The science of making cocktails has evolved in recent decades. Gone are the bleary-eyed kitchen parties where drunken revellers slosh together random selections of alcohols, stick a cherry and paper parasol in it and call it a cocktail – there is now some serious science to blending liquors, dubbed 'mixology'.


Alcohol (aka ethanol) is a deeply unpleasant, toxic substance that irritates the mouth and sends a harsh burning sensation rushing up the nose. It’s a poison that needs mellowing. Hence, we have cocktails.


What alcohol percentage should you use?

An analysis by chef and bartender extraordinaire Dave Arnold, revealed that the average alcohol concentration of the world’s favourite cocktails was 15-20% ABV, sugar concentration was 5-9g/100ml (equivalent to about four sugars in a cup of tea), and acidity was somewhere between a Honeycrisp and Granny Smith apple (equivalent to 0.7-0.9 per cent solution of citric acid).

If you want to throw something together following these tried and tested ratios, mix two parts of high-strength alcohol (gin, vodka, whisky, rum) with one-part sugar (or maple syrup) and one part of sour (lime or lemon juice). A daiquiri, for example, can be made with two shots of rum, a shot of freshly squeezed lime juice and a shot of sugar syrup (one part sugar to one part water by weight), shaken with ice and poured.

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Ice is key

Ice is a key element of a cocktail, but it isn’t just for looks – it both dilutes and has a powerful chilling effect. As ice cubes melt, they suck up heat from the surroundings; a single 50g ice cube has 2000 watts of supercooling power in the ten seconds it takes to dissolve in a vigorously shaken cocktail.

Incredibly, if you energetically clatter your iced Christmas cocktail in a shaker for over 12 seconds, the liquid that pours out is an icy -4C! This coolth has a blissfully refreshing and numbing effect, further softening alcohol’s bite.

Flavour pairing

For flavours, we can turn to flavour-pairing theory. This is based on the principle that flavours that harmonise well (red wine/red meat, tomato/basil, pork/apple) do so because they share many flavour compounds. By analysing flavour compounds in different ingredients, we can predict pleasing combinations. Applying these principles with some Christmassy twists, here are my three festive cocktail suggestions to dazzle you and your guests…

Try these three cocktail recipes

Santa’s Snowball

  • Lemonade: 2 measures (50ml)
  • Advocaat: 2 measures (50ml)
  • Cognac: 1 measure (25ml)
  • Fresh lime juice: one tablespoon (15ml)

The most famous of Christmas cocktails, the snowball is a mixture of advocaat, lemonade and lime, although it has the alcohol content of an alcopop (7% ABV), making it more of an alcoholic lemonade than a cocktail. Advocaat is an egg and brandy liqueur, invented by the Dutch. It makes for a rather sickly drink, so to knock off some of the acidity and up the alcohol content, I’ve added some Cognac.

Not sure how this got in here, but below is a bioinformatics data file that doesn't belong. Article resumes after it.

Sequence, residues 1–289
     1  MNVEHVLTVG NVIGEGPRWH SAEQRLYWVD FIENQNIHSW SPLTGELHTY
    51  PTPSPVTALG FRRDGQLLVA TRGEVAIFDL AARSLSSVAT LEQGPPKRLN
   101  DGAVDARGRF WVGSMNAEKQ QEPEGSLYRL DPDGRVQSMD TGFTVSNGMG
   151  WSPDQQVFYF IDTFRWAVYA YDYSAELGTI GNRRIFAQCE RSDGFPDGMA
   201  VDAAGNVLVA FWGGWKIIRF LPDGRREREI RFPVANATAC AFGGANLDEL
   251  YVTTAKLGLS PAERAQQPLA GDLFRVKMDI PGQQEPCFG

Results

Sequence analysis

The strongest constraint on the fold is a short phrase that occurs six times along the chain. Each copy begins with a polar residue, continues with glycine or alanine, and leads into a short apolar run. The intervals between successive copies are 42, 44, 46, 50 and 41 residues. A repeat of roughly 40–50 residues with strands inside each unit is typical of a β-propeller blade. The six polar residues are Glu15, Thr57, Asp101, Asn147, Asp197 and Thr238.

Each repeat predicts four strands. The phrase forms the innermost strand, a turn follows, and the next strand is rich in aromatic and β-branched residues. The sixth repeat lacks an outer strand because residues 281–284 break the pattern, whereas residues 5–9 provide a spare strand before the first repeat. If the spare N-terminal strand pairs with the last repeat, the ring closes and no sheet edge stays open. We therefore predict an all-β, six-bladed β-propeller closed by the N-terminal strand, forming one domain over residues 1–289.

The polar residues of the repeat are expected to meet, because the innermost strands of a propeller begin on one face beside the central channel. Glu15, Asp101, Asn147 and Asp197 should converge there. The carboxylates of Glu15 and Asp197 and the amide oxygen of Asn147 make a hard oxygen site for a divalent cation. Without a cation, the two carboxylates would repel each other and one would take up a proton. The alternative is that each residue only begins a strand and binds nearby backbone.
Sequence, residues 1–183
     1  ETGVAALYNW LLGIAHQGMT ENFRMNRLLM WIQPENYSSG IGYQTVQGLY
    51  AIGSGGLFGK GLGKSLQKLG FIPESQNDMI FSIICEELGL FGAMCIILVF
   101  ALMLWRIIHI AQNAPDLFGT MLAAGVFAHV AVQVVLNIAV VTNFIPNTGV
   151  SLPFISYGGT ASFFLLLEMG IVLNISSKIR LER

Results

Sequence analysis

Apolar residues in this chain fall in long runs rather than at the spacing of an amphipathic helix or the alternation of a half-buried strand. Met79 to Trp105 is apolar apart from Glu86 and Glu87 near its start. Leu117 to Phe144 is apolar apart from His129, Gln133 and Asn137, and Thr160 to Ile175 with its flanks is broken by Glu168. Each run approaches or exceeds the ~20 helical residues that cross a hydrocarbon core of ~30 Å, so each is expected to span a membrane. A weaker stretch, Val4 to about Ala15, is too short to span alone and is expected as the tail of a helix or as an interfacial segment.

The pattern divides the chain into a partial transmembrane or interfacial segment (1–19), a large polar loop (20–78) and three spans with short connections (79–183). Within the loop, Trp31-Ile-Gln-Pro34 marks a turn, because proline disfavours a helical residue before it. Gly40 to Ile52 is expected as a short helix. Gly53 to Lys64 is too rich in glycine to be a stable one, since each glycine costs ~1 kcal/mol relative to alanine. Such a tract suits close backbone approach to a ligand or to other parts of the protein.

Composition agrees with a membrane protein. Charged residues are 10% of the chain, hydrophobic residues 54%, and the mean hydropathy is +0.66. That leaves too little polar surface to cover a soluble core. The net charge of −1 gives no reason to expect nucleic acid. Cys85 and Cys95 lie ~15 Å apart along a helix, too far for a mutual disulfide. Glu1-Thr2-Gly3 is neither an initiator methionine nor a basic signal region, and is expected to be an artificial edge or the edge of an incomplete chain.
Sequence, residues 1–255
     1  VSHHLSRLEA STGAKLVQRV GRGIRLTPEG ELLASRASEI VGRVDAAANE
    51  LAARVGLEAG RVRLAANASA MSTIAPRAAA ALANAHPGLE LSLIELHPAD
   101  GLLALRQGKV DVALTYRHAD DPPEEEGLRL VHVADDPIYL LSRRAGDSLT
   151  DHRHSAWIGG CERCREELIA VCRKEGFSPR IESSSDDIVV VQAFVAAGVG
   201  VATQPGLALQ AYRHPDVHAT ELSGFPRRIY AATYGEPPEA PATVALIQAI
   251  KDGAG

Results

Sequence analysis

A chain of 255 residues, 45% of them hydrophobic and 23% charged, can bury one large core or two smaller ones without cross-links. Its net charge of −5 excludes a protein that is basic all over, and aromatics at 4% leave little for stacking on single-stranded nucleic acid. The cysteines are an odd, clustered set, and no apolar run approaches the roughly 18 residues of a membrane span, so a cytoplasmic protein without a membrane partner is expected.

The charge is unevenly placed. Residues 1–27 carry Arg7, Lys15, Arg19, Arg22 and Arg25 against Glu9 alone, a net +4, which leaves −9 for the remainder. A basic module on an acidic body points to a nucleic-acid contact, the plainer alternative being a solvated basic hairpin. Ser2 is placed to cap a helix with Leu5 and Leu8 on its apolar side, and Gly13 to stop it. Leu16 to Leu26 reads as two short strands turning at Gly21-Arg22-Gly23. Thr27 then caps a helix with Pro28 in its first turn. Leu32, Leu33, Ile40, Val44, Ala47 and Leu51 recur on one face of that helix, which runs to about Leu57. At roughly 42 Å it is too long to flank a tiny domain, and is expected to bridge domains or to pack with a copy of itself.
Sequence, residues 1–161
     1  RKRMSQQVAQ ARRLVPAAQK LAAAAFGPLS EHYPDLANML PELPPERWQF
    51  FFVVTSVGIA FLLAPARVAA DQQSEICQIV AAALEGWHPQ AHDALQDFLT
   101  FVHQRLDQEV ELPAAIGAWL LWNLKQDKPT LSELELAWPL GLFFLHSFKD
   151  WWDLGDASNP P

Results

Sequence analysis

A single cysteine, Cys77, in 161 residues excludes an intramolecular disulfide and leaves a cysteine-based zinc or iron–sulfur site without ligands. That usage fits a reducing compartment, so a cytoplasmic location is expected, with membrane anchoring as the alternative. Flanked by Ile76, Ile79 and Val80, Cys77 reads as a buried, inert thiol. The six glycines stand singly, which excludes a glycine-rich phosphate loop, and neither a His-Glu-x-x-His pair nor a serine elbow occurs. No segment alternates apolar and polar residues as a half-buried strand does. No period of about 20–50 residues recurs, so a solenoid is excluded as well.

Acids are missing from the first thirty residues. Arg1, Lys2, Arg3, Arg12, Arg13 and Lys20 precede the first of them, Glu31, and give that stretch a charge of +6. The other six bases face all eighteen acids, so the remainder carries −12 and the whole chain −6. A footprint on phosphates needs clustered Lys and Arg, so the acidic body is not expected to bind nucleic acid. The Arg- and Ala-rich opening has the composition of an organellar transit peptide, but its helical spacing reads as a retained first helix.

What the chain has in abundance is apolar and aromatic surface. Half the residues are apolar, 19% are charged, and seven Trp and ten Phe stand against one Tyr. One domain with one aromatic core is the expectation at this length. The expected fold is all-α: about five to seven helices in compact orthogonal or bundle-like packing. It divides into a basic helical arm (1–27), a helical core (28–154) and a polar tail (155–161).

Pour the advocaat and Cognac over ice in a glass of your choosing, add the lemonade and stir. Add lime juice, giving a final stir.

  • Alcohol content: 13.2% ABV
  • Sugar: 6.4g/100ml
  • Acidity: 0.86 per cent

Chocolate Cracker

  • Chocolate-flavoured vodka: 2 generous measures (60ml)
  • Fresh lemon or lime juice: one tablespoon (15ml)
  • Simple sugar syrup: one tablespoon (15ml)
  • Chocolate bitters: two dashes
  • Pinch of salt

If you make this cocktail, opt for chocolate-flavoured vodka (38% ABV), rather than a chocolate vodka liqueur (28% ABV), which will be sweetened. The acidity comes from lemon or lime juice, while salt increases flavour perception, as well as the sensitivity of sweetness receptors.

Mix all the ingredients in a glass with four ice cubes and stir well. Strain into a glass containing a cube of ice. Garnish with coffee beans, crystallised ginger or a cinnamon stick, all of which are strong flavour pairings to chocolate.

  • Alcohol content: 19.2% ABV
  • Sugar: 7.4g/100ml
  • Acidity: 0.70 per cent

Festive Martini

  • Gin or vodka: 2 measures (50ml)
  • Unsweetened cranberry juice: 1 measure (25ml)
  • Cointreau (triple sec): 1 measure (25ml)
  • Fresh lime juice: 2 teaspoons (10ml)

The classic martini is a mix of gin (or vodka) and vermouth, typically served with an olive. The name has come to mean anything served in a martini glass, and this creation is no different. Using vodka or gin as a base, it combines the fruitiness of cranberry juice with the tang of lime, and the orange notes of Cointreau.

Shake with ice and pour into martini glasses rimmed with sugar, then serve with a curl of orange peel.

  • Alcohol content: 16.2% ABV
  • Sugar: 8.6g/100ml
  • Acidity: 0.81 per cent

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Stuart is a science and medical writer, presenter and educator. He is a trained medical doctor and qualified teacher, and a food scientist for the BBC’s Inside the Factory.